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Energy View: Thursday September 27


Wednesday crude prices finished soft losing under a dollar a barrel with WTI finishing at $71.57 a barrel while its European based counterpart, Dated Brent, dropped slightly to $81.34 on a day that saw U.S. crude inventories climb 1.9 million barrels along with a 1.5 million barrel uptick for gasoline, while diesel posted a 2.2 million barrel draw according to the EIA’s Weekly Petroleum Status Report.

The morning brings with it a complete reversal in fortunes with the crudes, both WTI and Brent trading up near 70 cents a barrel, while refined products are also finding traction with near 2-cent-a-gallon gains for both diesel and gasoline. The increases appear related to Energy Secretary Rick Perry’s comments that the U.S. will not dip into its Strategic Petroleum Reserve to supplement the decline in Iranian output in advance of the re-imposition of the Administration’s sanctions on that country. In Perry’s opinion, such a move would only have a temporary effect on a market. He suggested it was adequately supplied, even in the face of an Iranian oil embargo. Politics aside, energy pundits are conflicted with some suggesting crude has more room for growth in price, while others, notably Goldman Sachs believes that while there has been a sharp drop in Iranian oil exports already, their research indicates that there is enough spare capacity to keep Brent in the $70 – $80 range for the last quarter of 2018.

As the market continues its daily glimpse of the headlines and fundamentals to secure daily price outcomes, gasoline prices across the country appear to have gained a couple of cents to just under $2.88 a gallon according to the GasBuddy Live Ticking Average. This represents a solid 2 cent increase compared to last week, a near 4-cent-a-gallon rise in contrast to last month and a 31-cent premium over prices this day last year. For its part, diesel prices continue to test the $3.20 benchmark, commanding a 48 cent a gallon premium over its cost last September 27.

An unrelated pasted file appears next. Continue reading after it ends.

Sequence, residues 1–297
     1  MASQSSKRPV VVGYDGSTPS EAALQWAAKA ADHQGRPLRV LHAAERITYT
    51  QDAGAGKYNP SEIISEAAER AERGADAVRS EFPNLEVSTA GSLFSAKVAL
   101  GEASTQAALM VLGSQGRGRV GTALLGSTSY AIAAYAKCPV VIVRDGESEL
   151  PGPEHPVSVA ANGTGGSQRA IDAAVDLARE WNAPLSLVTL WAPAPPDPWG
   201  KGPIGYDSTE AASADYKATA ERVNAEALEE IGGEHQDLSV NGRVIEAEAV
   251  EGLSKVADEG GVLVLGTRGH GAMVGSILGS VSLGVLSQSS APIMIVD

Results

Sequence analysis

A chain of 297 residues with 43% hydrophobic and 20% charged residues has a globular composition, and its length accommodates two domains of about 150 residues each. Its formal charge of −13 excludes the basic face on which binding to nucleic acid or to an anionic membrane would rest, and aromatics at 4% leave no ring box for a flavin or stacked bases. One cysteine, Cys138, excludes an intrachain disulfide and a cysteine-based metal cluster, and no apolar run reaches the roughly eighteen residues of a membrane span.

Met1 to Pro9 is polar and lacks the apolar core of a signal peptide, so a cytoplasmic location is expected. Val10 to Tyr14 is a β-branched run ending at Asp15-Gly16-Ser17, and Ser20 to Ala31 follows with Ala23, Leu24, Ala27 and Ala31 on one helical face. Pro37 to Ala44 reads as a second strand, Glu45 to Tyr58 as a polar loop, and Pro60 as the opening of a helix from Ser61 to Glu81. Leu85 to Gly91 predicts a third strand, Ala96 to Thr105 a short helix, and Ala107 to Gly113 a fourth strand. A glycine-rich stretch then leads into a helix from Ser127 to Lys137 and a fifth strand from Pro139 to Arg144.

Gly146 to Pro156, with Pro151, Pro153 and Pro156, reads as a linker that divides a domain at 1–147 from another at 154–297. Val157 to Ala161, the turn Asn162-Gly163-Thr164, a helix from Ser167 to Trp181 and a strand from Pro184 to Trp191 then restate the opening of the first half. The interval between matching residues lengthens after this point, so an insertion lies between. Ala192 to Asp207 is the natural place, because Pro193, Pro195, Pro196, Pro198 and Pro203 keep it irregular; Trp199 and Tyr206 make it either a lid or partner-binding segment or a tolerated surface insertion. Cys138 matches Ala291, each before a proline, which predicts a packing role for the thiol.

For the day ahead, energy markets are likely to post stronger gains, erasing the slight losses yesterday, while pushing values once again to their weekly highs and setting them on course to holding at levels not seen since OPEC began flooding global markets with crude in December 2014. As a consequence, the ensuing years of declining capital expenditures in oil production, may at long last be having the effect of driving up prices, even as the U.S. last week broke an all-time record of 11.1 million barrels of crude output.

Senior Petroleum Analyst, Canada

Dan is a skilled and noted bilingual (French and English) consumer advocate specializing in energy and current affairs. Known as Canada's “Gas Guru,” he founded to better help motorists anticipate the price of gasoline in advance across Canada. He has over three decades of experience in the petroleum industry, as a parliamentarian and an analyst.